and folk songs, from learned treatises of political economy to popular novels and plays, americans on every side of the war question proved eager to talk about love of country. a war that might easily have been dismissed as a terrific waste of time and money, if not deplored as a disasterous display of hubris. instead, sparked what one newspaper famously described as an era of good feelings. as madison's claim on those who loved their country and felt her wrongs made clear, emotion became central to the war's appraisal. everything was to be contemplated but the lens of patriotic love. throughout the war of 1812 popular conclusions about the meaning of events were liable to be based more on the emotional language used to describe them than on rational appraisal what had occurred. while europeans continued to declare their love of country grew out of child like deeggs veries to sovereign kings and american sons of liberty fought revolutions from monarchs from what they called brotherly love, americans of 1812 emphasized their patriotism grew from another variety of familial affection, the rom
of the young american economy. in fields, drawing room, and counting houses across the atlantic, the words new york" were equivalent for opportunity. yet, until this fall morning, new york was no more assured of becoming the empire state than was virginia, pennsylvania, or even ohio, south carolina, or illinois. nor was the nation assured of becoming the global empyre it remains. in 1825, the united states were still plural and few, not a singular nation state, but sovereign states with a constitutionally limited federal government. as late as 1855 walt whitman proclaimed, quote, "the united states with vaining full of poetical stuff," and lincoln declared they changed the grammar and perception in the 1860s. in 1825, the sea to shining sea continental nation, a patriotic song, still a dream. the land was vast, and control of it was limited. the louisiana territory was purchased two decades earlier, but remained unorganized. mexico's north stretch from the sabine river on the gulf of mexico to the 42nd parallel on the pacific ocean what is now texas, arizona, new mexico, utah, nevada, californ
can put into the economy. the statistic often cited about 70% of cartels might be a little bit high, but quite a lot of organized-crime is not from the heroin but cannabis and we could have american farmers growing this and on the industrial side and north dakota's agricultural commissioner is begging to put this plant back to work for america's factories quoting energy. i went to an energy sustainability festival for my previous book where i was giving a talk and the of the speaker was the usda expert on biofuels and she told me about all sorts of biofuels i have not heard of, filters and toxics in the soil and biofuels. either in the law and started researching and i said what about cannabis. she said best there is. magnitudes better than corn or slowly and i said but? don't you know? we are not even allowed to talk about it. >> you can watch this and other programs online at conservative political pundit ann coulter presents her thoughts on race in america next on booktv. the author speaks at the four seasons hotel in los angeles for 15 minutes. [applause] >> thank yo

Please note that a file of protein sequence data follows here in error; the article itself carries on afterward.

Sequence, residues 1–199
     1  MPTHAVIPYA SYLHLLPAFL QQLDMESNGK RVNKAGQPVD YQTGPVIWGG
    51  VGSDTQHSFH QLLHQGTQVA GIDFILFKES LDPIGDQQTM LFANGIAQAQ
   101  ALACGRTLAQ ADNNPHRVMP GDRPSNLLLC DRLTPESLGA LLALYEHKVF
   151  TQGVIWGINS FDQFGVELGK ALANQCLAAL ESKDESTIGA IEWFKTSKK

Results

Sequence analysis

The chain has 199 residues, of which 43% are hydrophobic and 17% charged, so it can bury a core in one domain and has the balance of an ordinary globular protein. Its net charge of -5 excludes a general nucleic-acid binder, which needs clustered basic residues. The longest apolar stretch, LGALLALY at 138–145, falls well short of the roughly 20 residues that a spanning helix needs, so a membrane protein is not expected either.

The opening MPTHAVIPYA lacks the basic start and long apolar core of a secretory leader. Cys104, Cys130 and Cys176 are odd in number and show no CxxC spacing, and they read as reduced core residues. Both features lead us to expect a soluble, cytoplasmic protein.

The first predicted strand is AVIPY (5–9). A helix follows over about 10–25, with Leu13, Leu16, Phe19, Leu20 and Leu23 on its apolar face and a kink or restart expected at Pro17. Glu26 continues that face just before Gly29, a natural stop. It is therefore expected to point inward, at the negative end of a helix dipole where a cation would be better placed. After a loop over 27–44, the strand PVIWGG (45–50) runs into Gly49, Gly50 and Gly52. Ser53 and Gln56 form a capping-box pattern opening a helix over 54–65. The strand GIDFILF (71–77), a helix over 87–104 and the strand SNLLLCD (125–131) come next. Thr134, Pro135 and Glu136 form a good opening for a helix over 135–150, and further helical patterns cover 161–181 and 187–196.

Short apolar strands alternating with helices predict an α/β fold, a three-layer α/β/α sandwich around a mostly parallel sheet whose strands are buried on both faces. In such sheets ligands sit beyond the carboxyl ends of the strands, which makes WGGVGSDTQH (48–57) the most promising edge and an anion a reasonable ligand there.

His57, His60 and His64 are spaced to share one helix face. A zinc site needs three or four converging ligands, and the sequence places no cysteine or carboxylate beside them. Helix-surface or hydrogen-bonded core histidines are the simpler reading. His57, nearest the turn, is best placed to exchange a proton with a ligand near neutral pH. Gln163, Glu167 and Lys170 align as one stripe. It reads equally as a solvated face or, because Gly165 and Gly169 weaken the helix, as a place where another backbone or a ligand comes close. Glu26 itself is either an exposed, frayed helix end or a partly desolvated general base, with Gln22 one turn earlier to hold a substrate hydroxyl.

atoms. the industrial economy is larger. if we should take the innovation model, we can take social forces, you know, the cultural revolution of the web and apply this to the industries of the world. you know, the internet -- it would be just the beginning we could really see what the revolution could do. when you think about the sake of the subtitle of my book is the new industrial revolution. going to sort of race that is the third industrial revolution. let me explain how this works. the first industrial industrial revolution as all of you know -- here's a quick lesson. how many of you think the first industrial revolution came in the 1700s? nobody. how many think it came in the 1800s? about half. how many people think it came in the 1900s? okay most of the thing to happened in the 1800s. first the answer is nobody has a precise definition, most people start in 1776 around the time the american revolution with the spinning jenny. with spinning wheels all the way back to fairytale time, for the spinning jenny vicious multiple wheels and often had a tribe now -- a tribal rather ret
are going to send a load of books at that point in time to africa. we found out our economy was paying $95 a truckload to pour them into landfill. we had too many for one shipment and let's do another to another and let's do another and it took on a life of its own. we just pass -- and the people want to grasp that i say look at a football field. side to side, and zones inside zones that is about 300 tractor-trailers and we shipped out 15 of those tractor-trailers a year and then basically a library in a box, 25,000 looks at a time and send to iraq and afghanistan and peace corps volunteers. some of the rea blue book said we have and we get books from schools and libraries and we believe we have the largest volunteer base project in the world which means we can ship very inexpensively. we ship for about $4000 per container. somebody some of the other groups and their wonderful organizations that are doing this for. they started $16,000 because they are using aid to individuals. individuals. we are a bulk shipper. would bring them in, sort them out and put them in the a container and send t